Aug 9, 2015 9:18 AM

Manchester officials continue to advocate for drug court

MANCHESTER — Officials in the state's largest city continue to push for a drug court to provide alternatives to incarceration for people in the Manchester area convicted of drug or drug-related offenses.

According to the Union Leader, the Hillsborough County delegation turned down a request to use $443,000 of the $4 million county surplus to establish a drug court, despite strong lobbying by Mayor Ted Gatsas, members of the aldermanic board, the police chief and other city officials.

“We will continue to tap every source even if we have to go back to the county … for some sort of emergency funding,” Gatsas said. “It's not that the drug court is the be-all-end-all, but the success seen in Strafford County is certainly a big part of it.”

Officials in Strafford County, home to the state's first drug court, credit the program with reducing the recidivism rate to 22 percent, compared to a national recidivism rate among drug offenders of 67 percent.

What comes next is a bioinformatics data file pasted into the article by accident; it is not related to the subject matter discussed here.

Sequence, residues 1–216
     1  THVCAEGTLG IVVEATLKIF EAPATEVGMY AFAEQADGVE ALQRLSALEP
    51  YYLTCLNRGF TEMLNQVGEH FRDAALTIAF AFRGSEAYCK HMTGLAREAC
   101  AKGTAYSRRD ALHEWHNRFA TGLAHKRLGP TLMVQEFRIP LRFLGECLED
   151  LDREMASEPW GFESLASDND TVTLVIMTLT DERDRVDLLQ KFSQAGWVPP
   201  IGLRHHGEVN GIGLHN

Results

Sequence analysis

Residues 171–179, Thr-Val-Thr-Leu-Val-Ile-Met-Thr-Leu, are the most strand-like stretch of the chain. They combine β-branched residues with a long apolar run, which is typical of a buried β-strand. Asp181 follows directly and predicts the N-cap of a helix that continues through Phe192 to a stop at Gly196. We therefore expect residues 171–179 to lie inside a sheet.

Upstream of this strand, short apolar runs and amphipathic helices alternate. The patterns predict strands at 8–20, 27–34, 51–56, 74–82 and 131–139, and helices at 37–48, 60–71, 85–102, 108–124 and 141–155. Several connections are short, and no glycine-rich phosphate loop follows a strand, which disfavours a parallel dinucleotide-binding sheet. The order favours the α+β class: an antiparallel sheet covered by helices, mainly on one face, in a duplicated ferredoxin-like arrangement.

While Gov. Maggie Hassan recently rejected a request to use a portion of the federal substance abuse funds to set up a Manchester drug court, saying federal rules do not allow the current grant to be spent that way, she says she supports the concept.

Hassan wrote in a letter to Gatsas that she was “committed to establishing a drug court in Manchester — either through the general funds I proposed or by working with Hillsborough North to reapply for those federal funds in the next grant cycle.”

Manchester Police Chief Nick Willard said the county delegation's vote against funding the drug court prompted him to take steps to raise more awareness around the issue, such as the community forum held at the downtown Radisson last month that drew around 400 people.

Willard said he's starting to see evidence that attitudes are changing.

“I think there's a greater level of awareness, I'm hearing that a lot even from politicians. I'm hoping that awareness will translate into action, action in the form of treatment, education and prevention,” he said, adding, “I hope we can overcome the politics of the issue.”


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